October 16, 2015

Skydive Helps Rout Stigma of Battling Depression

Oct. 16, 2015 | Allyson Lewis was sinking deeper and deeper into a darkness.

“It’s like a funnel is surrounding you and you feel you’re in a sludgy, black vortex with no way out,” Lewis said about her chronic, clinical depression.

Today, the best-selling author and mother of two is able to freely express what those dark days in her life were like. But that has not always been the case. With the stigma that is attached to mental illness, Lewis says it took courage for her to admit she needed specialized treatment. She checked herself into the UAMS Psychiatric Research Institute in 2012.

“Going into a psychiatric unit was the turning point for me,” Lewis said. “It was like a wake-up call that screamed, ‘I mean this. I’m not going to stay where I was. I’m going to get help.’”

Gohar Azhar, M.D., was instrumental in helping Allyson Lewis seek help for depression.

Gohar Azhar, M.D., was instrumental in helping Allyson Lewis seek help for depression.

Three years later, Lewis says it’s still a battle. But now she’s more equipped with the tools she needs to fight.

“I’m not sure if my depression will ever go away,” she said. “But when you choose you want life again, help is available.”

Since her treatment at UAMS, Lewis has made it her mission to help others who may also be struggling with stress, anxiety or depression. She says the general public tends to make mental illness a taboo topic. She’s working to change that.

“Mental Illness is everywhere. There should not be a stigma attached to it. It shouldn’t be hidden anymore. It is a problem that can be treated on many different levels.”

Lewis says her primary care physician was instrumental in letting her know she may have to seek further treatment. Gohar Azhar, M.D. is a geriatrician, an associate professor of geriatrics, and director of clinical research at the UAMS Donald W. Reynolds Institute on Aging.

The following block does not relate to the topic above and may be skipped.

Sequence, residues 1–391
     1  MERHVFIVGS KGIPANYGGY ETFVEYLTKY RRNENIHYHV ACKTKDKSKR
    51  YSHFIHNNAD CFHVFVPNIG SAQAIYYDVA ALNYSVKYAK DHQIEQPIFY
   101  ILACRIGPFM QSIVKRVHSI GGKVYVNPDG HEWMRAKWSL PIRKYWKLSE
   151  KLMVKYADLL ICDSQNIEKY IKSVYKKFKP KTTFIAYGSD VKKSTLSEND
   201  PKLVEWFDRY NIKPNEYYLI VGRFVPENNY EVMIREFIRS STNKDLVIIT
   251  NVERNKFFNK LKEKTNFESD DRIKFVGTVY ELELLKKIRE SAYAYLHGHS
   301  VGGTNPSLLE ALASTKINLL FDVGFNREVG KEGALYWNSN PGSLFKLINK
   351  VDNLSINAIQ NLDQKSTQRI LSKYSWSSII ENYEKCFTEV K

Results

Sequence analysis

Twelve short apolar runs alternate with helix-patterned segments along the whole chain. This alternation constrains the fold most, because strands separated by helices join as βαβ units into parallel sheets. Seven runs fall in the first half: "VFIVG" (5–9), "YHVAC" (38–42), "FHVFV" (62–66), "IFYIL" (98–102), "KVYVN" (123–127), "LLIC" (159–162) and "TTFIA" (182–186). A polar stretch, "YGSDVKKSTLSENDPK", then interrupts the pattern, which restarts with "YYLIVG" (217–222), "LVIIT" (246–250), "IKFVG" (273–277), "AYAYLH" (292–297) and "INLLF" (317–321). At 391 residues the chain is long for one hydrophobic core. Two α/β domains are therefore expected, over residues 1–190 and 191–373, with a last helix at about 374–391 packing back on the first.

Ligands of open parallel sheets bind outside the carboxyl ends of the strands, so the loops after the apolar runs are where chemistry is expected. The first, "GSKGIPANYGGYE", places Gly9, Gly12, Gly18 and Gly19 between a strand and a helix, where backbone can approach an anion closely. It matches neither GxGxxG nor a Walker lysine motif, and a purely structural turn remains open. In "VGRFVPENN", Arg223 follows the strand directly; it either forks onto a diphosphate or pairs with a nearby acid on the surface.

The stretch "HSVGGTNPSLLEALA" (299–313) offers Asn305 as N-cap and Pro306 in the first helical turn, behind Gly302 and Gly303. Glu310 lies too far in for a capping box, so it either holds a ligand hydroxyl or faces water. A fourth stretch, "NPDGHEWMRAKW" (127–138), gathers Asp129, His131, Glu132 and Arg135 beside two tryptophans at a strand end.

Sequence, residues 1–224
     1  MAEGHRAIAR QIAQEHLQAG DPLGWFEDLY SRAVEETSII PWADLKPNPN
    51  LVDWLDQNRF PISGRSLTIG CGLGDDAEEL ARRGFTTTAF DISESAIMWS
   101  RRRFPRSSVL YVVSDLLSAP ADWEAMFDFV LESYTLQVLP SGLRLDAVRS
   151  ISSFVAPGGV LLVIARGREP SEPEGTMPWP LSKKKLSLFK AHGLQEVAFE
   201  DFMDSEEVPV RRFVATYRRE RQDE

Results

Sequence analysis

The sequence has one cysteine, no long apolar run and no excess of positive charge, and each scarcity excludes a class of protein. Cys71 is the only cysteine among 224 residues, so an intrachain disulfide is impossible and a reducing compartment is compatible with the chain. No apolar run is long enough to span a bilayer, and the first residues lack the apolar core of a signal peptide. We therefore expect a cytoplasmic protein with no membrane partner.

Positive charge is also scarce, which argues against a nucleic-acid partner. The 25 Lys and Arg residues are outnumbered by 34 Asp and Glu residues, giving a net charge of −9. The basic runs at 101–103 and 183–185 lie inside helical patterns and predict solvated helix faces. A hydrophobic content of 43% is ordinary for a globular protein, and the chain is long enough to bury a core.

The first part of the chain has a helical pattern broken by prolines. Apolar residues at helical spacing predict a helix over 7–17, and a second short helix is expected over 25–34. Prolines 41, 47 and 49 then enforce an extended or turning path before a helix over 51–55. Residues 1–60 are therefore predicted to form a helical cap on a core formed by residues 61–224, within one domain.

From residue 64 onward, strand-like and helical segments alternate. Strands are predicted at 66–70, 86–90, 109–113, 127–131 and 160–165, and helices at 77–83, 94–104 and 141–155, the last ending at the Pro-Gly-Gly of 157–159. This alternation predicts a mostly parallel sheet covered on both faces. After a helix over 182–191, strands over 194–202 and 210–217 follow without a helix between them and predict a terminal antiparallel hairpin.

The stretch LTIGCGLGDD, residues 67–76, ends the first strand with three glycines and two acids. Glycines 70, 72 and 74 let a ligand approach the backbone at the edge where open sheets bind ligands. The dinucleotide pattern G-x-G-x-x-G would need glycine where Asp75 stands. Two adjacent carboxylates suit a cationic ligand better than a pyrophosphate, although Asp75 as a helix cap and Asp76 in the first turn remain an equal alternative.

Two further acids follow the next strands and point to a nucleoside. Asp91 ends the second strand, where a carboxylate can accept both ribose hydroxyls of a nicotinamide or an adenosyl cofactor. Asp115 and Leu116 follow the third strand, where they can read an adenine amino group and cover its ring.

Lewis had a lot of physical complaints and complex medical issues that included fatigue and anxiety. Sometimes, Azhar said, people who are very physically ill can also have an element of depression.

“Usually when the physical illness gets better, the depression symptoms also abate,” Azhar said. “But that was not the case with Allyson.”

Lewis has a good relationship with her doctor and Azhar encouraged her to seek more help for the depression.

“Allyson, in her own wisdom, finally acknowledged that she needed treatment and agreed to be admitted for inpatient therapy at the Psychiatric Research Institute. That was the starting process in her healing and recovery from depression,” Azhar said.

As a part of her mission to spread awareness and squash the stigma associated with mental health, Lewis literally went to new heights. She recently went skydiving with a veteran who suffers from post-traumatic stress disorder. The two joined hands in the air to metaphorically declare they were jumping out into the open with their struggle with mental illness.

Azhar said it is the responsibility of every primary care physician to pay attention to the psychological health of their patients and refer to psychiatry if needed. UAMS has started screening all patients for depression in primary care visits.

“When the nurse sees a patient, they ask a few screening questions about depression. If the answers trigger a positive response for depression, it alerts the physician who discusses the issues in greater detail with the patient. I believe it will prove to be very helpful and improve the quality of care we provide to our patients.”